I'm guessing that Baystar is buying the stock to control the assets of SCO in liquidation. They'll allow/force SCO under, then take over the company directly, focusing on the legal case. Other articles made clear that that was the value they saw in the investment - since it's getting "mishandled", they'll do it themselves if they need to.

    Hackus 05/14/04 05:11:27 PM EDT

    The whole idea of having a company to do lawsuits as a business model is something only American companies do.

    Innovation, and high technology is something the Far East does.

    Mmmmm, wonder which country will be the new economic AND military power of the 21st century?

    A country which exports lawyers like the US or a country that exports products like China?

    You know products, like most of those 1 Terabyte Seagates you have in your servers....


    Arnt Karlsen 05/14/04 04:40:21 PM EDT

    ..uh, is Microsoft screwing BayStar, too???

    linuxbert 05/14/04 03:59:10 PM EDT

    Does this sound familiar?

    From the Article:
    "BayStar hasn't withdrawn its demand that SCO return its money and BayStar's lawyers, he said, still haven't told SCO's lawyers how SCO breached their contract. So McBride figures BayStar doesn't have a legal leg to stand on and won't be able to get its money back."

    hasn't this been just hat SCO is doing to IBM - Not telling them anything...?

    justforaday 05/14/04 03:57:06 PM EDT

    It's just a misinterpretation.

    See, it's where you place the punctuation. What he's really saying is "This is, like, nothing" meaning that to him and SCO, the BayStar thing doesn't have any affect at all. Or, at least I'm sure that's how SCO will try to spin this...

    Ghengis 05/14/04 03:47:13 PM EDT

    The Royal Bank of Canada, which BayStar brought into the $50 million investment the pair made in SCO last fall, the investor that has reportedly never expressed doubts about the strength of SCO's position or, unlike BayStar, has never complained to SCO about its behavior, sold $20 million worth of its SCO shares to BayStar.

    That has to be one of the worst sentences I've read in a news article. I know it's still gramatically correct, but talk about hard to follow! Sure it may be off-topic, but WOW! It looks as if anyone can be a writer these days.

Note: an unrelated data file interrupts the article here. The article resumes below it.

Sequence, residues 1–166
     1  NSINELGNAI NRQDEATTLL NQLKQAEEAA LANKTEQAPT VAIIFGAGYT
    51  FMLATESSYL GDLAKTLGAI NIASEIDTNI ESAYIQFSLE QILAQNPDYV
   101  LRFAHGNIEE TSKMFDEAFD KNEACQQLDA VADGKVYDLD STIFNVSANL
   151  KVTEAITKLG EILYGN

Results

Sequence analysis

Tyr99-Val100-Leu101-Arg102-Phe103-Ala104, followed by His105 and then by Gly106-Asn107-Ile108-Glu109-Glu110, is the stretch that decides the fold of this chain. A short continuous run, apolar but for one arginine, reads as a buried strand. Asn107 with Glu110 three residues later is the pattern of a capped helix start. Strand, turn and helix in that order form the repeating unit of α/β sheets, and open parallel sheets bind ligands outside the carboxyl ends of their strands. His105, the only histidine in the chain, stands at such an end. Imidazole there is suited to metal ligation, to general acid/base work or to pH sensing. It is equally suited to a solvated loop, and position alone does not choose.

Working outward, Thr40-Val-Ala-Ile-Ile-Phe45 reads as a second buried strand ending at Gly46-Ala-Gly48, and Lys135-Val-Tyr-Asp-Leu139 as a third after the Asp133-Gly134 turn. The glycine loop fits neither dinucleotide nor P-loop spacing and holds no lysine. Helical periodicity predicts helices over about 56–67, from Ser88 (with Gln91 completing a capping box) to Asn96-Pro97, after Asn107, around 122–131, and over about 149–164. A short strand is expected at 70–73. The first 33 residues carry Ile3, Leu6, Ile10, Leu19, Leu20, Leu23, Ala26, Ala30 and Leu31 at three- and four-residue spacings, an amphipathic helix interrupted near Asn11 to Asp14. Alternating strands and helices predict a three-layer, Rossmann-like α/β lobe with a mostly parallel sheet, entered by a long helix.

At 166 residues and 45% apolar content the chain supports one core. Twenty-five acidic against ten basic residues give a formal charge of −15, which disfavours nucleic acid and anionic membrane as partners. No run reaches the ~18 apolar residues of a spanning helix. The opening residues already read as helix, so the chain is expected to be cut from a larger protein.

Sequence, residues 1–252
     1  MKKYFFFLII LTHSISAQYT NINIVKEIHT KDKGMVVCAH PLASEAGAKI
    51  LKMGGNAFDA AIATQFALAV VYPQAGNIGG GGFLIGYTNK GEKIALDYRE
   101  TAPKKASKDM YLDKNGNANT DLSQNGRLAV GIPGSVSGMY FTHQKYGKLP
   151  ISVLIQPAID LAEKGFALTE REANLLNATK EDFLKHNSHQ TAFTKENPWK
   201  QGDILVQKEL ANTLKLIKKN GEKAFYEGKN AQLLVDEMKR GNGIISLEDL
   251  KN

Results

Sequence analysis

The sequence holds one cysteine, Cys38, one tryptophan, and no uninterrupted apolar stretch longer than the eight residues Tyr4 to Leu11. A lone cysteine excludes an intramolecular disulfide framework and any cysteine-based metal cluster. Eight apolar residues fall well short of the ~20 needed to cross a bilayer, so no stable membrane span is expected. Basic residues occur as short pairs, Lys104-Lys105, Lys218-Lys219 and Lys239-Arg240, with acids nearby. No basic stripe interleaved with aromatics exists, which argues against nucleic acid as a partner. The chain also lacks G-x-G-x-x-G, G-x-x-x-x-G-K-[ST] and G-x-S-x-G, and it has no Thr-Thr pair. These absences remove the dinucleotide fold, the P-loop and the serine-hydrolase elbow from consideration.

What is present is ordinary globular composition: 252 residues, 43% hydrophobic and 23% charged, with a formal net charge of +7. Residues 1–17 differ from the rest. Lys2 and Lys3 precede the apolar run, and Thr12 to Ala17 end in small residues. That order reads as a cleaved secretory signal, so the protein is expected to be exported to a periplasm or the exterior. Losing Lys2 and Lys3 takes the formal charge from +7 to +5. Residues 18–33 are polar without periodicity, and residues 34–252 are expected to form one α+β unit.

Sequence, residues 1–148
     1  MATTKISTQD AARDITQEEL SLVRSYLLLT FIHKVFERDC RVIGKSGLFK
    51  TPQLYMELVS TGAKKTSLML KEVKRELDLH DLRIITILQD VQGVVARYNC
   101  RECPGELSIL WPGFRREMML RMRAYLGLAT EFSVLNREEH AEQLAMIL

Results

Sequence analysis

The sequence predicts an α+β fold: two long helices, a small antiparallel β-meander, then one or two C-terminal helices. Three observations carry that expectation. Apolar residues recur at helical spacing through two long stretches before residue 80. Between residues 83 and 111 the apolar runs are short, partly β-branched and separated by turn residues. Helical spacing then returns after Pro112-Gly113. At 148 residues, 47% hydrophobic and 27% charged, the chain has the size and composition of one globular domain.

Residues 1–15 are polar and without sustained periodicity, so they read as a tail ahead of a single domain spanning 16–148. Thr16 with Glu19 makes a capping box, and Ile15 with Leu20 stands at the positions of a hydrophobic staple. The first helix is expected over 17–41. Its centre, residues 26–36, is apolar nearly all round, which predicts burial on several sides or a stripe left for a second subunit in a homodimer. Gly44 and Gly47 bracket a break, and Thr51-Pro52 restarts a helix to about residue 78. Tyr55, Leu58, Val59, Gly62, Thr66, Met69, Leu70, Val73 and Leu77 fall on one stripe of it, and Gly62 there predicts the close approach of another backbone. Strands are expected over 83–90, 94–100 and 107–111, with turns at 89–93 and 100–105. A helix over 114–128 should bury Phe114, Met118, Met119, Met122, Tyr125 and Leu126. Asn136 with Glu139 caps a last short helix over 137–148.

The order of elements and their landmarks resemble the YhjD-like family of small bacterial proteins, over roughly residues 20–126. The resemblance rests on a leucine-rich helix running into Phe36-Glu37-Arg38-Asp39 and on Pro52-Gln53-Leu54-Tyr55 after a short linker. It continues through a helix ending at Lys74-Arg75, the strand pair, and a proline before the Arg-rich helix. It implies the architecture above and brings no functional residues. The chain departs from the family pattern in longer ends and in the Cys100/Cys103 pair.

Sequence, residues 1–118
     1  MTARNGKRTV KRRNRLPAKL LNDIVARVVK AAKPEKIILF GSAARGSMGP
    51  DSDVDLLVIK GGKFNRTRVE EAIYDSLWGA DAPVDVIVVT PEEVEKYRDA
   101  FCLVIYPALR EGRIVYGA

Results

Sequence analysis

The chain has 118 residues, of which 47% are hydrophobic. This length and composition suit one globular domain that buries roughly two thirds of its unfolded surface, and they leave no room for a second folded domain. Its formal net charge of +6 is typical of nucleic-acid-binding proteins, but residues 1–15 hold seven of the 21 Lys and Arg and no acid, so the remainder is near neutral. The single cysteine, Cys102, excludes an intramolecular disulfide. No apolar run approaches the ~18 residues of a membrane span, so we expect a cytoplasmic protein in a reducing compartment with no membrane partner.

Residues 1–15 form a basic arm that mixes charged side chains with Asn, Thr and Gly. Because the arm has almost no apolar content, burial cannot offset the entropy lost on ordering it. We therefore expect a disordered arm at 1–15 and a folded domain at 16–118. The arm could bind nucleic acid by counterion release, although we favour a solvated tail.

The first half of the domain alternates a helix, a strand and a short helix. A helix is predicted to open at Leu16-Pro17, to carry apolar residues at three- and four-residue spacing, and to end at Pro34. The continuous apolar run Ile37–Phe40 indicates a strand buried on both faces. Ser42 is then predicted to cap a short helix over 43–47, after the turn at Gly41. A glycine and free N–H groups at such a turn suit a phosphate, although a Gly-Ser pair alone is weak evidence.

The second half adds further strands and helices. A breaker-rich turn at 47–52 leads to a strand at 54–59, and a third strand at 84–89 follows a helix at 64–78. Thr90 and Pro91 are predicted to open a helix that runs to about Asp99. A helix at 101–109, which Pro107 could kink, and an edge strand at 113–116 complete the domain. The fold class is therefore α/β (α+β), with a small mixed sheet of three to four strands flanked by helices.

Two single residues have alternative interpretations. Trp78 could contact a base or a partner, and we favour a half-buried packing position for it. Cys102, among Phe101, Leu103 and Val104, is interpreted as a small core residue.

English Lessons Needed 05/14/04 03:45:55 PM EDT

    Wow... This is probably the most poorly-written article I've read in a long time... Are there any Linux users out there who've taken a journalism class?

    I'll try reading this article again when it's posted in English.

    fresont 05/14/04 03:44:45 PM EDT

    Could the author of this article please proof read it and resubmit it? How could something with so many errors get published like this?

    SCOX-strong sell 05/14/04 03:34:23 PM EDT

    It's true, check this out since this AM

    stockwatcher 05/14/04 03:31:34 PM EDT

    check out nasdaq.com, scox is a strong seller, while IBM even with the nice high stock price is marked as a good buy.
    sco is over.

    $$$$ 05/14/04 03:29:14 PM EDT

    RBC is in bed with IBM ! I used to work IT there and I can tell you that I don't think they'll ever migrate from big Windows versions anymore... Longhorn is not gonna happen at RBC after the problems they had switching from NT4 to W2k..

    anonymOus 05/14/04 03:26:52 PM EDT

    Smartest thing Darl's ever done.

    Andy Green 05/14/04 01:37:07 PM EDT

    It's not such a surprise that McNugget's limited imagination fails him when he tries to simplifiy the tale of his idiotic journey to riches - ~$1M salary this year from a $70M capitalized company for his "home on the ranch homilies"... thanks to the generous, loving SCOX shareholders.

    Ya know, I always read that predators have their eyes close togther, to focus on their prey, and prey have their eyes widely spaced apart, like pigeons. Look at Darl. Where do you think he fits in?